Cockatoos make the hook test

V gel bend their tools to the Angel at least some

Done: With the self-bent hook this Goffini cockatoo fishes the basket with the delicious nut. © Bene Croy
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Clever birds: After the crows, Goffin's cockatoos have now passed the "hook test": with a little trial and error, the birds learn to bend a wire so that they can fish a food basket from a pipe with it. However, only a minority of the test cockatoos mastered this complex process - possibly because, unlike crows, these birds do not naturally know and use tools, the researchers speculate.

Fifteen years ago, Betty astounded the scientific community: biologists watched as the animal bent a hook from a wire to fish a small basket of food from a tube. Meanwhile, other birds are known to use and make tools. The Goffin cockatoos, in particular, have turned out to be astonishingly clever: They crack safes, conclude logically and weigh very carefully whether it's worth making a bet.

A wire, a nut and a tube

Whether the clever cockatoos can also compete with the crow Betty, Isabelle Laumer from the University of Vienna and her colleagues have now examined. "We confronted our cockatoos with the same problem as Betty: The birds were given a basket filled with a cashew nut at the bottom of a vertical Plexiglas tube and the only aid was a straight piece of wire, " says Laumer.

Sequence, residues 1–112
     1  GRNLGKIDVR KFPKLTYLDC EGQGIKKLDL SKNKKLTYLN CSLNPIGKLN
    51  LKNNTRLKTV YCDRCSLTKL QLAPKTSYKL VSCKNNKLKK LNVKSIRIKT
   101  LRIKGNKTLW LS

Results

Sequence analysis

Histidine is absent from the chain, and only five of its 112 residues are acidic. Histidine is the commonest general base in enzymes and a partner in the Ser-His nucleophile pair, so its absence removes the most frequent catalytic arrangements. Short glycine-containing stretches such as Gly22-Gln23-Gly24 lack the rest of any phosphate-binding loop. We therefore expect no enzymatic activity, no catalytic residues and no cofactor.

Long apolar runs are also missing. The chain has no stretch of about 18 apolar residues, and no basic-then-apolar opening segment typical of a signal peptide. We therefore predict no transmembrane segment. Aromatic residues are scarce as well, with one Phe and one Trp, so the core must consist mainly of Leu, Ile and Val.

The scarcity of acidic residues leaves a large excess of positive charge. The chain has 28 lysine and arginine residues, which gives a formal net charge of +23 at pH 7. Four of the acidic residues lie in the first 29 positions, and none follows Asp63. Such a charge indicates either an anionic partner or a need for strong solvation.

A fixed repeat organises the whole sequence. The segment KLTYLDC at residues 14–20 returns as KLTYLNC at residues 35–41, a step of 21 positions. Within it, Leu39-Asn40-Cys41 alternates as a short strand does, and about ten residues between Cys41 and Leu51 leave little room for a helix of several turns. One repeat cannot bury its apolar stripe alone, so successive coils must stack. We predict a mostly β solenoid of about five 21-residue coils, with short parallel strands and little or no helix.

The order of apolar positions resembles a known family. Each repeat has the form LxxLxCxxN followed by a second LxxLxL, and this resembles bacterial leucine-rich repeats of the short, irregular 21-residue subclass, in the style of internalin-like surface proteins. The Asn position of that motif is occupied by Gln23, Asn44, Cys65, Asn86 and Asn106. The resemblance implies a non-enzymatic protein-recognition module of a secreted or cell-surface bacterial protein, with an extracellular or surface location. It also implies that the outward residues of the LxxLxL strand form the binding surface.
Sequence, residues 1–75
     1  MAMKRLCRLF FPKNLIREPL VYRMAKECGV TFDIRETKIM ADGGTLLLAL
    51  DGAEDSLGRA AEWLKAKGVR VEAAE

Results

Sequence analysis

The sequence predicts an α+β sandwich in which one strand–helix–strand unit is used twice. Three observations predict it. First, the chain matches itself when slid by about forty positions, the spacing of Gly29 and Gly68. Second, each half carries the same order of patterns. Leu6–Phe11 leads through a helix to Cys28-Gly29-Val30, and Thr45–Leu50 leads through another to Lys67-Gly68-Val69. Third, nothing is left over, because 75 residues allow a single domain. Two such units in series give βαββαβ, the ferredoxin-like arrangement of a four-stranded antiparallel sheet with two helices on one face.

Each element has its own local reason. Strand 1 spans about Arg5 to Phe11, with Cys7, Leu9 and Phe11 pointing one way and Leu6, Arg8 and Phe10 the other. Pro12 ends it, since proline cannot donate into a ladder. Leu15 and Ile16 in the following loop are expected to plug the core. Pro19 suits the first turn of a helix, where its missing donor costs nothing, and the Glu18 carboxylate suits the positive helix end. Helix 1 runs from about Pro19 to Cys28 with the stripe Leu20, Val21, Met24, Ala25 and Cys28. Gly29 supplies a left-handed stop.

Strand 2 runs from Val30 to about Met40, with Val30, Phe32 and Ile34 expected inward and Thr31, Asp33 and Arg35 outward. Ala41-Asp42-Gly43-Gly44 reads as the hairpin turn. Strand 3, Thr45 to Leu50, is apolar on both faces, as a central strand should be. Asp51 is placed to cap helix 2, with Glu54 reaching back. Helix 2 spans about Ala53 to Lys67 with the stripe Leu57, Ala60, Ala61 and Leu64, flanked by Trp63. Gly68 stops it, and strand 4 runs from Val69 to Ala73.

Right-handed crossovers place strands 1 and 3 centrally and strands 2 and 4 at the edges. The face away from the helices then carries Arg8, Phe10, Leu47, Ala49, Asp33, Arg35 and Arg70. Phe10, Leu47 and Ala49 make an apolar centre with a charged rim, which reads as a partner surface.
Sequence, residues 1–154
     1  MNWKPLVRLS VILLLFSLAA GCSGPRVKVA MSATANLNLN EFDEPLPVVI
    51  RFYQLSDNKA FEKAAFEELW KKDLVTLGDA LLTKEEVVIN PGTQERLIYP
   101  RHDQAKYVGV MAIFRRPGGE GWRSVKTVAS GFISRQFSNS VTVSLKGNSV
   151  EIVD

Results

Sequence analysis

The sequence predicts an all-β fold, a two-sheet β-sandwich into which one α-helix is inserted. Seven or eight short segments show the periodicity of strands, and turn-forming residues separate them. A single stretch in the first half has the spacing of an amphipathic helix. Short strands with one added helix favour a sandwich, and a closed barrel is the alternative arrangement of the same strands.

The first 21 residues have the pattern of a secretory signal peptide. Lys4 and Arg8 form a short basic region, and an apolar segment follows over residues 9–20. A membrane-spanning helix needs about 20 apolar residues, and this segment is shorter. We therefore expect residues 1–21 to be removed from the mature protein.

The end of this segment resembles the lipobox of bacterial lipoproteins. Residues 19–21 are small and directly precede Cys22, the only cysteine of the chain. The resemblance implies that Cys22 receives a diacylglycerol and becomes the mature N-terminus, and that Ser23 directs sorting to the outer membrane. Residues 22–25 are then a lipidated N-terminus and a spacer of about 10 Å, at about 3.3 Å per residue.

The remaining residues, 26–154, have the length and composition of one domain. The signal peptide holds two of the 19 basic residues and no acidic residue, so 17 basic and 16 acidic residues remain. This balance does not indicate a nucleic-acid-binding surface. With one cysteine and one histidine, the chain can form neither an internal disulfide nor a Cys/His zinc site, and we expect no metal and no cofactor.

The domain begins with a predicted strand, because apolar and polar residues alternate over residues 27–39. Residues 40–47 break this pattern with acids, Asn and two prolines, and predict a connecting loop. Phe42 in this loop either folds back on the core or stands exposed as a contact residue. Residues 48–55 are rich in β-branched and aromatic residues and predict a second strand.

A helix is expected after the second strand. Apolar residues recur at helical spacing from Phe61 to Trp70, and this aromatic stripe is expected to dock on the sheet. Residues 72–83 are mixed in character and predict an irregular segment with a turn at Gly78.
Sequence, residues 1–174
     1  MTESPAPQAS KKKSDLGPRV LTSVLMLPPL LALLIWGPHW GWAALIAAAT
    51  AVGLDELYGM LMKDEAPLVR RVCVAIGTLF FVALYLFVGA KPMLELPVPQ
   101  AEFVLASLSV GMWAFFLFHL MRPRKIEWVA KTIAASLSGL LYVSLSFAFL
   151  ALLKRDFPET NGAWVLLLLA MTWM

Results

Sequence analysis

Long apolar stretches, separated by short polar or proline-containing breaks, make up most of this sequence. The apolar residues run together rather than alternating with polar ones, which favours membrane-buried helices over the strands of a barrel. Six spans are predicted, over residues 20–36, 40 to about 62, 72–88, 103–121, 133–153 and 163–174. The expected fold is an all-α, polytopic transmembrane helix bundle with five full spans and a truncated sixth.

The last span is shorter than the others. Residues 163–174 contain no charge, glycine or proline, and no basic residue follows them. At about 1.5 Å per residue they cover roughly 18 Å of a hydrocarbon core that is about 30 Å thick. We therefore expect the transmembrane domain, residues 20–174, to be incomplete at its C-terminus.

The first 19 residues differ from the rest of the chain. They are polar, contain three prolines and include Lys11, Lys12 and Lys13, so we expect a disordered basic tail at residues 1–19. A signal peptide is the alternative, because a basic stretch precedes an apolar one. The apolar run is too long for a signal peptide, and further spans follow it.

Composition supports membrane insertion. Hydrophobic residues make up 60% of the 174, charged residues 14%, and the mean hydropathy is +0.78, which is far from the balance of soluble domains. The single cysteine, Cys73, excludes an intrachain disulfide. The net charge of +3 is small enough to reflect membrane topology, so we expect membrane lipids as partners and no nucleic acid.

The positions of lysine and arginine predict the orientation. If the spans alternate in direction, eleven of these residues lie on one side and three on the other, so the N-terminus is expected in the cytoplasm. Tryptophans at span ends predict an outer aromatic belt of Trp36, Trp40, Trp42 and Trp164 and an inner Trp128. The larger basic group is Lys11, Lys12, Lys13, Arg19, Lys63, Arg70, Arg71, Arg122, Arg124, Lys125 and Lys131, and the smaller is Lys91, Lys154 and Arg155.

In order to access the contents of the basket, the birds had to bend the wire into a hook, insert the tool in the correct direction, hook the hook into the handle and pull up the basket - a complex sequence of steps. In another experiment, the cashew nut was in the middle of a horizontal tube. In order to eject the food, the animals had to bend a piece of wire bent by 90 degrees.

The cockatoo bends the piece of wire with its beak. © Bene Croy

Hakentest passed ...

Would the cockatoos master these tasks? The experiments showed that, in principle, Goffini cockatoos, after some trial and error, also understand how they reach their food with the help of the hook. "The cockatoos showed different techniques to bend the hooks, " reports Laumer. "Mostly, however, the hook was bent directly with the beak and then immediately introduced the self-made tool." Display

This is particularly exciting because the Goffin's cockatoos, unlike Kr hen are not accustomed by nature to use tools. "The innovative ability of the birds surprised us: unlike Kr hen they had no prior experience with hook tools, " explains senior author Alice Auersperg. "They are not specialized in building or using tools, nor do they bother building nests."

But: not a good success rate

This could also explain why not all cockatoos have coped with the task: of the 13 cockatoos, only three managed the hook test. The straightening of the wire understood at least four of them. "The fact that only some cockatoos have come to the solution and that the technique of bending the hook differs from animal to animal suggests that the cockatoos have solved the problem quite individually and did not resort to innate stereotypical behaviors, "explains Auersperg.

In contrast to the crutches, the cockatoos have to work their solutions completely new and learn unusual behaviors for them. "The general intelligence of the Goffin's cockatoos apparently allows them to solve unusual problems that they usually do not encounter in the wild, " concludes Auersperg. (Proceedings of the Royal Society B, 2017; doi: 10.1098 / rspb.2017.1026)

(University of Vienna, 06.09.2017 - NPO)